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Nightguard vs. Retainer: What's the difference?

  • nightguard
4 min read
by Angela Todd |

With the wide array of different dental devices available, it can often be tricky trying to determine which device is right for you. One of the more common questions we receive from our prospective customers deals with the topic of nightguards and retainers. 

Many of our customers are looking for a device that will both help to maintain their recent braces or alignment treatment while also protecting the teeth from damage caused by grinding or clenching throughout the day or night. 

So what is the difference between a night guard and a retainer?

Night Guards

nightguard insertion

A night guard is a dental device that is designed to fit over either your upper or lower teeth to serve as a barrier which prevent the teeth from making contact with one another. This barrier helps to reduce damage to the teeth surface that is often associated with clenching or grinding behaviors. 

Night guards can be fabricated in a number of ways and from a variety of materials, depending on your individual bruxism needs. They range in thickness from 1.5 mm to 5mm for our customized guard users. 

A Night guard is not meant to align your teeth, nor are they designed to help maintain your alignment following a treatment of braces of invisible aligners. They are not as tightly fitted to the teeth as a retainer, allowing the pressure of clenching and/or grinding to be exerted without causing significant damage to the guard. 

JS Dental Lab night guards are also not designed to address sleep apnea or snoring. We recommend consulting with a specialist to determine if a night guard for your bruxism is a good part of your overall night time health plan. 

The night guard is fabricated from a thermo-forming process which uses a plaster mold of your teeth. This mold is created from your impression taken using the purple putty and trays. The selected material is heated and formed to the plaster mold. Once fabricated, additional time is allotted to allow a lab technician to ensure that the fit meets a criteria of standards, or baselines. They will check the completed guard against the teeth mold to ensure that the fit looks acceptable.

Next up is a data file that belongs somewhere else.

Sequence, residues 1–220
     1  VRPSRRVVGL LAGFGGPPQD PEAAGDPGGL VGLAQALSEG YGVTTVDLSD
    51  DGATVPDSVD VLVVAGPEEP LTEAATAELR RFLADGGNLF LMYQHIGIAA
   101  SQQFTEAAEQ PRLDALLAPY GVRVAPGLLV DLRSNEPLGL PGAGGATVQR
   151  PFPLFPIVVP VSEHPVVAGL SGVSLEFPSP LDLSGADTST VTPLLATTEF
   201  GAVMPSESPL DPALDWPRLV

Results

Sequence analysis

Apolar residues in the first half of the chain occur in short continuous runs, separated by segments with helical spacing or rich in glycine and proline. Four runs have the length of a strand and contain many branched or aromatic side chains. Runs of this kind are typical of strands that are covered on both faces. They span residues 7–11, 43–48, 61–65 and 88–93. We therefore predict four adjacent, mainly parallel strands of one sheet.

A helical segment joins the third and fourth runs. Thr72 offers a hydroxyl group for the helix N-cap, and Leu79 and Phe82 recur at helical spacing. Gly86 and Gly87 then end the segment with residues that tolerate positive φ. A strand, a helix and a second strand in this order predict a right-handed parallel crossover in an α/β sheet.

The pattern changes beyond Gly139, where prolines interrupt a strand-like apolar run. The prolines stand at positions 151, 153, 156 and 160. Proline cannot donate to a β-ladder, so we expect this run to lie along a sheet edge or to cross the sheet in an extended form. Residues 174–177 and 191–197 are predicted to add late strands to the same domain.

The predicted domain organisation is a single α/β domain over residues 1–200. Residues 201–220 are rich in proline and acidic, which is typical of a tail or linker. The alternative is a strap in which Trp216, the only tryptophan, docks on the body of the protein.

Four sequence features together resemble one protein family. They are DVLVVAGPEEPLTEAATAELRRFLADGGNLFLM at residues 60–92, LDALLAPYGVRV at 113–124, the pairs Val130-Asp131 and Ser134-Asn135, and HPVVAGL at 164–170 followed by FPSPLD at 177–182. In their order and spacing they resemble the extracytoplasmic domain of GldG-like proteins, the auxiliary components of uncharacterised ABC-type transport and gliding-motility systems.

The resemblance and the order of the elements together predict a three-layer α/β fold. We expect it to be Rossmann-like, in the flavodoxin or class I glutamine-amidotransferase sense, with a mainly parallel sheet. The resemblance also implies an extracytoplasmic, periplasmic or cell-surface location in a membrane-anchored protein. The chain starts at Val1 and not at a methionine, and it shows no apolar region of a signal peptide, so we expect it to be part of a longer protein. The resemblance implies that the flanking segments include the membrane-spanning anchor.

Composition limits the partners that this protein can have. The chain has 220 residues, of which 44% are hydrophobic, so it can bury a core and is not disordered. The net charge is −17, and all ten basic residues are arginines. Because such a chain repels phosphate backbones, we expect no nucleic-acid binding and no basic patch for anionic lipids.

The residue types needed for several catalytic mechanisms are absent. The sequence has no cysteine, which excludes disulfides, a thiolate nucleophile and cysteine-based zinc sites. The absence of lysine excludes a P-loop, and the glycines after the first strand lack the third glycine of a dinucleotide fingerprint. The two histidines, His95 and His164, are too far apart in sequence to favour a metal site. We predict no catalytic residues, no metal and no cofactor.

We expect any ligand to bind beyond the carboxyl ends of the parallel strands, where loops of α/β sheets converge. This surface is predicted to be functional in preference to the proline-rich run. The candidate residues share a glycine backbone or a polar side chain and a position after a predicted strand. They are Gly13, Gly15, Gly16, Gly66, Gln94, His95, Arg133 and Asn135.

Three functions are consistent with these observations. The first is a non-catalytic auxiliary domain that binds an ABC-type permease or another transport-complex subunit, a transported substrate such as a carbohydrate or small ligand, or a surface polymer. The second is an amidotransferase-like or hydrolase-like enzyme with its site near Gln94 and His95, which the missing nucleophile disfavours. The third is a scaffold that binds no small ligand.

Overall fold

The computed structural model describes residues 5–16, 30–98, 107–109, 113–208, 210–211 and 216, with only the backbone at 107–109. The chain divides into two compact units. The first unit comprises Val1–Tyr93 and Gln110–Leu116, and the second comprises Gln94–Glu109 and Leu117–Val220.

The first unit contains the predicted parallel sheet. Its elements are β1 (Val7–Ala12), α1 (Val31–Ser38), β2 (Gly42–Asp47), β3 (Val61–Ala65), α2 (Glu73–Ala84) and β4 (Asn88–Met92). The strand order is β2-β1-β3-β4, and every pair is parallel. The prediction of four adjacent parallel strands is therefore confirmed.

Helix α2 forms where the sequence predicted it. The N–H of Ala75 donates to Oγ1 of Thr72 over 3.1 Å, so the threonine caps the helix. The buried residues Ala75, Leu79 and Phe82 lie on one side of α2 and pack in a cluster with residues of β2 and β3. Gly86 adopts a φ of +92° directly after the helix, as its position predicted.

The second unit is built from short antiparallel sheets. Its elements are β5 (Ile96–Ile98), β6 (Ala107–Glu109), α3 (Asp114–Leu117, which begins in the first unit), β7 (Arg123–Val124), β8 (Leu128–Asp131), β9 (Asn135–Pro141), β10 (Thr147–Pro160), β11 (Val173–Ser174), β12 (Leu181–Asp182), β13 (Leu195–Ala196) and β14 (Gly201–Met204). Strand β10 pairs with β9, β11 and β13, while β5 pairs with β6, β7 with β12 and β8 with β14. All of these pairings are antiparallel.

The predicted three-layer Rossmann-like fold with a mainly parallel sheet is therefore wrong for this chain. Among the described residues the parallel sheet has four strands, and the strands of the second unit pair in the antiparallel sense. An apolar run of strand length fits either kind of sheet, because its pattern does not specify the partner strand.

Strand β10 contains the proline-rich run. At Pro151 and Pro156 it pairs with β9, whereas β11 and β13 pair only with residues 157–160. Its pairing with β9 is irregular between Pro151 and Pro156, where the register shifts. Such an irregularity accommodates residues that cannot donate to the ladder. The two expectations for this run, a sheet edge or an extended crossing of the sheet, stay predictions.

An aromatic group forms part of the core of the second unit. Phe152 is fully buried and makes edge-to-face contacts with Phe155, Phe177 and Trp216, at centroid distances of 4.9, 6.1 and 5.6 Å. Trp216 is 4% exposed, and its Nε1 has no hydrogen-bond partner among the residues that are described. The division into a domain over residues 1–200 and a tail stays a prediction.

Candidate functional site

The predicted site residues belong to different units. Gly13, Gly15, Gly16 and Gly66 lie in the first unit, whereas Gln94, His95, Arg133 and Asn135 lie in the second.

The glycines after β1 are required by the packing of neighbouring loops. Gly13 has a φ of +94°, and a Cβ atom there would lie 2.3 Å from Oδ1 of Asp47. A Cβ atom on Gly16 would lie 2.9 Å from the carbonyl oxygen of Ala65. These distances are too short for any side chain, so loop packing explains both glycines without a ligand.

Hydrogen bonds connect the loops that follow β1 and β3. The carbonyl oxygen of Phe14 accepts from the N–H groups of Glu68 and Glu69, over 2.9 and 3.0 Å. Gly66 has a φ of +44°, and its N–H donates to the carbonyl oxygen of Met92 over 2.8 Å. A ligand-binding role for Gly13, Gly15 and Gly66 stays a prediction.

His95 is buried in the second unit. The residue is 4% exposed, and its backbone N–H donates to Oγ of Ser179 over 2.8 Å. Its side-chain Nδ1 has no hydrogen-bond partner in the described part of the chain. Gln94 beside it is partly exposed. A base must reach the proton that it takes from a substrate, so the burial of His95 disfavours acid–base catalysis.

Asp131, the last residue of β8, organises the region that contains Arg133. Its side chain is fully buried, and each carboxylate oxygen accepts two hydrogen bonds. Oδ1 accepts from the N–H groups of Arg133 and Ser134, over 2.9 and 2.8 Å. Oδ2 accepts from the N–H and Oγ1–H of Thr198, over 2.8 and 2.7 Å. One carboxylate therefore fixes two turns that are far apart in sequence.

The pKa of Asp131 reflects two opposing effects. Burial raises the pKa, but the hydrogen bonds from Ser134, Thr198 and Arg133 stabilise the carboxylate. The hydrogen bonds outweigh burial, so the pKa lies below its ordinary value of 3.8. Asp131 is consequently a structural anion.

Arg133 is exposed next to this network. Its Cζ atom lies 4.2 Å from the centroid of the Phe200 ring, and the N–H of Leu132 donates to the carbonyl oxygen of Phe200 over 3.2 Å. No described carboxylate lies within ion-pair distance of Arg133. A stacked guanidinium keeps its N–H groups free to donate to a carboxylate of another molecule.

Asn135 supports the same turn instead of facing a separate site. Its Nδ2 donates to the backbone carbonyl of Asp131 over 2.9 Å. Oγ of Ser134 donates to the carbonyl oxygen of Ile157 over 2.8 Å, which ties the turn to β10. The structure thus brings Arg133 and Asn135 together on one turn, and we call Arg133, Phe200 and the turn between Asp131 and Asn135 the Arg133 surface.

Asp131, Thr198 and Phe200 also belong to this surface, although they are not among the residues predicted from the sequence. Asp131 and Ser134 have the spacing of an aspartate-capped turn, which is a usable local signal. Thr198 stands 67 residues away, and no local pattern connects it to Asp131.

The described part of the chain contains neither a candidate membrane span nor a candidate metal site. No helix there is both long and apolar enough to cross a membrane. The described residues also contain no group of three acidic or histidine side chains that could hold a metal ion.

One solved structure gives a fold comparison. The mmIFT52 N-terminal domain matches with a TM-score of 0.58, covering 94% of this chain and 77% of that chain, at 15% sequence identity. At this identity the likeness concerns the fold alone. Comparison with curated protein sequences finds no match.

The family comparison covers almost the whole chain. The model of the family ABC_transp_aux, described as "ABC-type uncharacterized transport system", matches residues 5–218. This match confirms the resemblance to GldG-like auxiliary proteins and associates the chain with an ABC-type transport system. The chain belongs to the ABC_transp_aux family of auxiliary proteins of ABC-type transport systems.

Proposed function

(As a note, there is always a little margin for error as some customers may experience more sensitivity than others. Click here for more information about night guard adjustments.)

Retainers

Girl with retainer

A retainer is a thin dental device which forms securely to your teeth, preventing the natural shifting that is known to occur over time. Retainers are typically 0.76mm thick and are made from a material very similar to what is used for clear aligners.

It is very common for an individual to wear a retainer on both the upper and lower teeth, if alignment treatments or braces have been applied to both.

The primary purpose of a retainer is to help ensure the alignment of your teeth. They are not great agents at withstanding the pressure and stress that is associated with bruxism behaviors. 

The fabrication of the retainer is very similar to that of the Night guard, however, the impression is the critical difference.

For night guards, while a perfect impression is always ideal, there is a bit more room for imperfection. As long as the night guard fits snugly enough to stay on the teeth, the impression can be a little less than picture perfect.

For a retainer, however, a much more pristine impression is required. This is because the lab needs the truest and most accurate model of your teeth to ensure that the retainer fits snugly enough to prevent any migration that might otherwise occur. 

For your consideration

We cannot promise that your retainer can withstand the more intense clenching and grinding behaviors. This is because the thinness of your retainer typically isn’t enough to withstand the pressure and force exerted by grinding and/or clenching.

That being said, it is possible that if you are a very mild clencher or grinder, the retainer can help to also protect your teeth. You just may find that you need to replace your retainer more frequently than you would a traditional nightguard. 

If you’re a very mild clencher or grinder, your retainer may serve as both a barrier and an alignment maintenance device. But if your bruxism behaviors are a bit more severe, you’ll most likely need to consult with your dentist to determine the best combination of devices to both protect and maintain your teeth. 

Alternatively, if you only need to wear a retainer on one side, say your upper teeth, you may also choose to wear a night guard on the opposite side to provide protection for your teeth and the alignment. While we typically do not recommend wearing two night guards simultaneously, a night guard and a retainer do not pose the same issues with the jaw positioning and may be the right choice for you.

permanent retainer, bonded retainer

Another common option for individuals who need both a retainer and to wear a night guard is to consult with your dentist about a permanent retainer. This is typically a metal wire that is bonded permanently to your teeth. It helps to retain the teeth’s position without requiring a removable retainer to be worn nightly. These types of retainers are common and we are able to fabricate night guards that can be worn over a permanent retainer. 

Regardless of whether you need a retainer, a night guard or both, JS Dental Lab is here to provide you with a high-quality, customized dental device to suit your needs. If you have any questions, please reach out to our awesome customer support team here

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